You may have noticed in the calendar that this week is Canadian ADHD Awareness Week! This year’s theme is “Learn. Understand. Inspire.”
According to the CADDAC, ADHD remains highly misunderstood by the general population. Their goal is to better educate Canadians and ADHD patients about the disorder by sharing up‐to‐date medical information and real‐life stories. You can find these stories on their facebook page and website.
It is estimated that 1 – 3 children in every class and 4 adults out of every 100 people in a company are affected by ADHD.... that is about 1 Million Canadians. You may or may not know someone with ADHD personally. However, in my mind, even if we ourselves are not directly affected by ADHD, I believe we should educate ourselves on it. As with other unseen diagnoses (such as Asperger's, Anxiety, Depression, etc), a lack of understanding can lead to stigma, shame, misunderstanding and mistreatment of those affected. So, I thought, let's try to learn something new about ADHD and clear up some misconceptions!
First of all, we have to know what we are talking about: ADHD is a neurobiological disorder linked to issues with the neurotransmitters in the brain that impedes the regulation of attention and inattention - there is a lack of prioritization of focus. So, a person affected by ADHD may be completely distracted, act impulsively, be unable to remember routines and yet may become “hyperfocused” on a highly stimulating task (like a video game) or on something that they are particularly interested in or "obsessed" about.
.... Which brings us to misconception #1: that the person doesn't have a disorder, they just lack will power.... after all, everyone has difficulty paying attention and being restless sometimes, right? But this is not the case! Diagnosis for ADHD is a complex process (for example, for children it can involve medical tests to rule out hearing problems, poor eyesight, etc, IQ tests, speech pathology examinations and parent/teacher behaviour reports), and for a diagnosis to occur the symptoms must be considered an impairment to daily functioning and be recognized in more than one setting (i.e.: a diagnosis would not occur under "normal" distractions, occasional restlessness, or if the child just doesn't pay attention in class).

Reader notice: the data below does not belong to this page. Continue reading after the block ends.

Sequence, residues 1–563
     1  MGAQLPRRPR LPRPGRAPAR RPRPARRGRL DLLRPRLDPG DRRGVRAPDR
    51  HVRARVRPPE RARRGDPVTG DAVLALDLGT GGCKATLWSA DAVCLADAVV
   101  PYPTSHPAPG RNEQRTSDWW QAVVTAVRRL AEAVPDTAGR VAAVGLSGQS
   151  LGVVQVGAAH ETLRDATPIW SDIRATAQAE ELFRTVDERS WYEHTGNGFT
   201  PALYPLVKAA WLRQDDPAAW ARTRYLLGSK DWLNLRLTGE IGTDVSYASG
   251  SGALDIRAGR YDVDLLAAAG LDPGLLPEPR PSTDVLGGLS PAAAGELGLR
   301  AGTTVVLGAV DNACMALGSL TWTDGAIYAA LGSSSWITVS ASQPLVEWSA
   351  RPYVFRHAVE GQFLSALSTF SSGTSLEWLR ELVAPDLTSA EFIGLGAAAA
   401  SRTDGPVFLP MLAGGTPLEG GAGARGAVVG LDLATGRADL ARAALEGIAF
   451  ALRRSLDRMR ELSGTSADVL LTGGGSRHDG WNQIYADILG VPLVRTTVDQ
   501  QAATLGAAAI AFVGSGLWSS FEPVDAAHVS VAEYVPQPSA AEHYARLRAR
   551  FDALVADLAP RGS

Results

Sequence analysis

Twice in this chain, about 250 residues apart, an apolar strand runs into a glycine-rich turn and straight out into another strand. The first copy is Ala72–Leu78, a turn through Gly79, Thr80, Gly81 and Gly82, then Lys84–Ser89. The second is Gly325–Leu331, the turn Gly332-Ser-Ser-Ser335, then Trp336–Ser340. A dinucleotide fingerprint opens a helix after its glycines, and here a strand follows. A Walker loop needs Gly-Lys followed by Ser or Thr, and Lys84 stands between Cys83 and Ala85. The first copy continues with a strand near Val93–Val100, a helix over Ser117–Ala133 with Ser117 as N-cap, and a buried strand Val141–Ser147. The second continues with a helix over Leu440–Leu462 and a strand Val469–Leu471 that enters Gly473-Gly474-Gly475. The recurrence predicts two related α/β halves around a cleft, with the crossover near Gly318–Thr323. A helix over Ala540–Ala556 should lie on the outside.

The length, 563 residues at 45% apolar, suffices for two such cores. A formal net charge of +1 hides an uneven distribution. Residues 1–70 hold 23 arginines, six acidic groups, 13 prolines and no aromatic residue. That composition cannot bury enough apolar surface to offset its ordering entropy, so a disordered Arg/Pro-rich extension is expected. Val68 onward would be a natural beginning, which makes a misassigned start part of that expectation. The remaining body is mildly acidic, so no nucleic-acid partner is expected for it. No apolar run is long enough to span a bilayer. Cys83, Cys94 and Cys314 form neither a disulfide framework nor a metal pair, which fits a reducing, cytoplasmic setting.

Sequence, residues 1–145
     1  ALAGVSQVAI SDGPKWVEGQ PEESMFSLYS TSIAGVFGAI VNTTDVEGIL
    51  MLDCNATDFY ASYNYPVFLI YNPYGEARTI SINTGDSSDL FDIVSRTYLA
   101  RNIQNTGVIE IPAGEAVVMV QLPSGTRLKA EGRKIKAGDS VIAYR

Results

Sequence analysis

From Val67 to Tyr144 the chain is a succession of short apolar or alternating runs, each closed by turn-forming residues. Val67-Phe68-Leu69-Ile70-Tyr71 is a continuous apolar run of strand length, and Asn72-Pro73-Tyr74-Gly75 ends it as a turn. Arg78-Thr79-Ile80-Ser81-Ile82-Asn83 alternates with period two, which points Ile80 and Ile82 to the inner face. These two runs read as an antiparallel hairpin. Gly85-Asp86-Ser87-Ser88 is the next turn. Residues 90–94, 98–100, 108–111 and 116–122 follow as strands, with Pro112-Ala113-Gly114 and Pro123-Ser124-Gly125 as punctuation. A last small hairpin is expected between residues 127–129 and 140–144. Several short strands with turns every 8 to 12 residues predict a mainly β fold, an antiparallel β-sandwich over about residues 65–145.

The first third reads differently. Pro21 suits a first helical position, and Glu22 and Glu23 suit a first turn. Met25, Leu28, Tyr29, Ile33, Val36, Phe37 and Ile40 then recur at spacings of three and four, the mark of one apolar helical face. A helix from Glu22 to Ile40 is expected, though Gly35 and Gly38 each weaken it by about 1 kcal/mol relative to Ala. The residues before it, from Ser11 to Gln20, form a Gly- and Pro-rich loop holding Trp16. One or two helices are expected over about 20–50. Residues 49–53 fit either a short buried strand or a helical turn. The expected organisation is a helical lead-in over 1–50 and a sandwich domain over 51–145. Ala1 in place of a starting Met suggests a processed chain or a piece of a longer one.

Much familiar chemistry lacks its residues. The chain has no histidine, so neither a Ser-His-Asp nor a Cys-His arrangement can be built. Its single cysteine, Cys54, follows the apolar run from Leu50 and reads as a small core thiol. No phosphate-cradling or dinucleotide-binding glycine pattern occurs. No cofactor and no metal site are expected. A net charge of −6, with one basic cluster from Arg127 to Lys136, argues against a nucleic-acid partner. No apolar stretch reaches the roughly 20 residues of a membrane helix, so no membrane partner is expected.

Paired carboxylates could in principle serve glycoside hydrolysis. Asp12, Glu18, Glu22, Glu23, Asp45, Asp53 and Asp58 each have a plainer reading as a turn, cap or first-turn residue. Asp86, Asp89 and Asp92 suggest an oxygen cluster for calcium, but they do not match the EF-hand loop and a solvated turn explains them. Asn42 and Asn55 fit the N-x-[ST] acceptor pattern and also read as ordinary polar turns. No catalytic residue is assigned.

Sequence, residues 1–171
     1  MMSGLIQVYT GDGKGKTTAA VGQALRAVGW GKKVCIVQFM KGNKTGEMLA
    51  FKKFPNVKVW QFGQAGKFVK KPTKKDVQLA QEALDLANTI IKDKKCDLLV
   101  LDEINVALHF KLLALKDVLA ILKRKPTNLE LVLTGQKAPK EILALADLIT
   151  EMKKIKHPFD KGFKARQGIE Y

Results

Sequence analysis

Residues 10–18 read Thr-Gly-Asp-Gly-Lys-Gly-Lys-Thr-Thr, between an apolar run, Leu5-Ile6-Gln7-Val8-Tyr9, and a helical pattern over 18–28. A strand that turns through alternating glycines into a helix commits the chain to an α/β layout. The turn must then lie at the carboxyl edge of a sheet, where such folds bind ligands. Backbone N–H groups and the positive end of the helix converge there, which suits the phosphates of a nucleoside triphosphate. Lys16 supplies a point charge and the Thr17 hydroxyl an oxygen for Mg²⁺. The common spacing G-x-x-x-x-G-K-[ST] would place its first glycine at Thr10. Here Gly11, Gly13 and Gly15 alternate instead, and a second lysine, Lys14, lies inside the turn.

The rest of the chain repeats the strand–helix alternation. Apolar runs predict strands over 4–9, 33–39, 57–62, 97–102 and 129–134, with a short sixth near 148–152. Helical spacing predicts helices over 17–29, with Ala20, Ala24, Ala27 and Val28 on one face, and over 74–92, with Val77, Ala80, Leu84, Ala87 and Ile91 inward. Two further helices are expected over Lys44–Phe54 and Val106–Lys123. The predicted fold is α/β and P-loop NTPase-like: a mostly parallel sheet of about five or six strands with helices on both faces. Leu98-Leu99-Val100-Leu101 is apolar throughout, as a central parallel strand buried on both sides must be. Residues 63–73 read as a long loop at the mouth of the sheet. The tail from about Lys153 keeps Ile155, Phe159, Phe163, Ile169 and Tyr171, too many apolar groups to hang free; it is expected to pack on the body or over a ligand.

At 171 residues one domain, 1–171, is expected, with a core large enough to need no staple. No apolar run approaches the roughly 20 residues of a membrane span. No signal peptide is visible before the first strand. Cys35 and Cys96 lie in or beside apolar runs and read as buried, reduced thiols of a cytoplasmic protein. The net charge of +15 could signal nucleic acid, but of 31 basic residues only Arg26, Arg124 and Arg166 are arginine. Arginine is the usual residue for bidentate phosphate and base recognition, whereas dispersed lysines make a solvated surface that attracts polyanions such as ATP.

Another misconception is that if a person is not hyper, then the diagnosis of ADHD is incorrect. However, not all patients exhibit hyperactivity. In fact, this is considered to be one of the possible reasons why ADHD is diagnosed more in boys than in girls: perhaps parents and professionals miss girls affected with ADHD because they can be less hyperactive as children ... 4% of adults worldwide have ADHD and the incident rates are almost equal between men and women so it is not just a "boy thing".
Now, some people assume that ADHD diagnosis and treatments have been tacked onto a child to make him or her easier for their teachers and parents to manage (misconception #3 for those of you keeping track ;-). As I said above, diagnosis is multi-layered and many parents have struggled for years, encouraging their children, working with teachers and doctors - it would not be an easy conclusion to come to. As for treatments, well, patients may or may not need medication (it helps by aiding the neurotransmitters in the brain to function more normally), but rest assured that with or without this aid many learning accommodations are still put in place: parents and teachers are coached in ways to help children and provide them with management strategies and counselling may even be required.
Maybe you don't think ADHD is a big deal... "who cares if some people have a harder time focusing than others, big whoop". But, that would be our last misconception - untreated ADHD impacts lives directly and indirectly. Without diagnosis and treatment, children with untreated ADHD are 3 times more likely to drop out of high school, 2 times more likely to suffer injuries (particularly head injuries), and 2 to 4 times more likely to have motor vehicle accidents as a driver! Undiagnosed ADHD can also lead to poor self-esteem; substance abuse (as an attempt to self-medicate); the development of other mental health problems (i.e. depression, anxiety); family dysfunction; and decreased likelihood of full-time employment and lower household income in adulthood.
As you can see, ADHD itself is complex! Want to learn more? The stories on the facebook page (here) are fascinating and there is a wealth of information on the following sites (sources for this post): Centre for ADHD Awareness Canada, Canadian Attention Deficit Hyperactivity Disorder Resource Alliance, and Mental Health Canada.
Happy ADHD Week, my friends :-)
PS: Help spread the word & encourage others to learn about ADHD: share this post on your facebook page!